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Grief caused by brain injury

Grief caused by brain injury
Many experience grief, not because of the death of a loved one, but because of profound changes that occur due to a loved one having a brain injury. This can result from a vehicular, motorcycle, or four-wheeler accident, high fever, poison, drug overdose, allergic reaction to medication, heart attack, stroke, aneurysm, a fall, accident, blow to the head, encephalitis, meningitis, a violent attack by a perpetrator, domestic violence, gunshot to the head or sports-related injuries.
Brain injuries bring change. After a person suffers a brain injury, they are often different, and this calls for major adjustments on the part of loved ones. One wife said, “The man I took home from the hospital was a stranger. He was not my husband.” Another wife said, “After his stroke, I lost my husband. I now have a companion whom I take care of.” There is often no recollection of things the person previously appreciated such as their favorite food, which means that favorite things spouses shared together can no longer be shared. There is often a role-reversal where the wife becomes the principal breadwinner. Brain injuries often result in attitudinal changes, obsessive-compulsive behavior, and arrested development wherein the person reverts to childhood. Parents of a child who made good grades before a brain injury now watch that same child struggling with limited cognitive powers.
Reactions to grief created by a brain injury include: denial and refusal to accept the severity of the problem, guilt because one can no longer feel the same way about the injured person, anger because they are now responsible for the person, and anger toward those who caused the injury. Spouses need to be assured that they are not bad people because they can no longer relate to the injured spouse as they once did.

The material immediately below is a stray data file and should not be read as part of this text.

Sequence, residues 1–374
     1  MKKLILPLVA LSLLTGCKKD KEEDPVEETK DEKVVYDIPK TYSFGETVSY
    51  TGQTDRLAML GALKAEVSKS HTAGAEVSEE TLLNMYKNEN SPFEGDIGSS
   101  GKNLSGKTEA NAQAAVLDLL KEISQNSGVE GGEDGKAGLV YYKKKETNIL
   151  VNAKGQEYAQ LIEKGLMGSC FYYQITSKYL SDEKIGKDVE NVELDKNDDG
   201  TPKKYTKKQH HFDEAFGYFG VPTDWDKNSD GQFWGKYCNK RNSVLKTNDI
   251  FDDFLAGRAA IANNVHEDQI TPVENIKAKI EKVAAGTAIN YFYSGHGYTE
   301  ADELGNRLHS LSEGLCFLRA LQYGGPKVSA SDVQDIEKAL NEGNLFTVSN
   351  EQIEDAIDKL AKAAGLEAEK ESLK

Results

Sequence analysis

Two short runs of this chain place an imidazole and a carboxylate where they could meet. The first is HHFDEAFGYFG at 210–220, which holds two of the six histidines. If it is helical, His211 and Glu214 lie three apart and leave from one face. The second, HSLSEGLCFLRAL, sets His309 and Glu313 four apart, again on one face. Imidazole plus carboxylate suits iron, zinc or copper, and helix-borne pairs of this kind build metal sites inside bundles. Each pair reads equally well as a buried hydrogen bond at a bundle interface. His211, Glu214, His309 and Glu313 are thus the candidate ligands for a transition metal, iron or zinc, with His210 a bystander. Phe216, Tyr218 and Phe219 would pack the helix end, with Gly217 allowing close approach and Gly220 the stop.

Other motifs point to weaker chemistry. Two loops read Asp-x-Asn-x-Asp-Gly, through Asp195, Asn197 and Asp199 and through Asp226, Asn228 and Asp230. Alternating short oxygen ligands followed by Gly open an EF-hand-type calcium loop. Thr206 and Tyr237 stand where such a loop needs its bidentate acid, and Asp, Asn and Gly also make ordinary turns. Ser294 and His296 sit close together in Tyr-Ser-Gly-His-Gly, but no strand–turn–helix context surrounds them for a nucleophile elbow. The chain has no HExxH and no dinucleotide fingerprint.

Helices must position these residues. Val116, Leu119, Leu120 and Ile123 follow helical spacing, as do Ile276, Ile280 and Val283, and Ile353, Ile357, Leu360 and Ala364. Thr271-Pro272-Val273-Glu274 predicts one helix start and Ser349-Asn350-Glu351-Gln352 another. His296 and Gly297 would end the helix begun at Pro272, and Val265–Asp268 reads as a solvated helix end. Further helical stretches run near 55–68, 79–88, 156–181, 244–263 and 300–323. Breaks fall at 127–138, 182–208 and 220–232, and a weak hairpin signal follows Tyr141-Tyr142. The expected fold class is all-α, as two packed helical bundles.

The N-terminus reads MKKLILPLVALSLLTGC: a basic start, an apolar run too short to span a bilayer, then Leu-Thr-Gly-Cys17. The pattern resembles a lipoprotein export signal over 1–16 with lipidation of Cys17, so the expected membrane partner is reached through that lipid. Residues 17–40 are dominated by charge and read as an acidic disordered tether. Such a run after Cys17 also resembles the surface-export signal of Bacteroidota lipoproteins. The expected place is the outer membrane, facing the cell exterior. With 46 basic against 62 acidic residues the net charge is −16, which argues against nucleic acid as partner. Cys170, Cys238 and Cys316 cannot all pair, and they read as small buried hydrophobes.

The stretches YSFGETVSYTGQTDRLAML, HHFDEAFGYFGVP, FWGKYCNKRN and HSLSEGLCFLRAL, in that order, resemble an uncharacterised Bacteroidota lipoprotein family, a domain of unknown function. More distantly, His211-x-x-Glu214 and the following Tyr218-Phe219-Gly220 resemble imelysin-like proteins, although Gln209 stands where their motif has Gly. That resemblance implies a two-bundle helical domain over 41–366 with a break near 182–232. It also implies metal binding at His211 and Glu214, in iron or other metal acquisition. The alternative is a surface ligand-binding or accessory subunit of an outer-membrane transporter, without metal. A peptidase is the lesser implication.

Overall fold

Statistics indicate that there is a high rate of divorce following a spouse’s brain injury. Men are more likely to be injured than women. Vehicular accidents account for over 50 percent of brain injuries. Years ago the majority of brain injuries occurred to those who were 15 to 20 years of age; however, in recent years, those who are 60 and older are more prone to have brain injuries. This change in statistics may be the result of better reporting or the older group may be engaging in more dangerous activities.
Brain injury is often referred to as the “silent disability” because there may be no scar or outward sign of disability.
Brain Injury Support Groups meet each month in Jackson and Adamsville. Readers may get more information by contacting Laura Mills (1-888-425-6930).
Don Harold Lawrence is coordinator of SUNRISE, which is sponsored by Shackelford Corporation. He may be contacted by mail at 145 Abernathy Drive, Adamsville, TN 38310-3001 or by telephone or fax at (731) 632-4483. His Web address is
Published in The Messenger on 10.04.07

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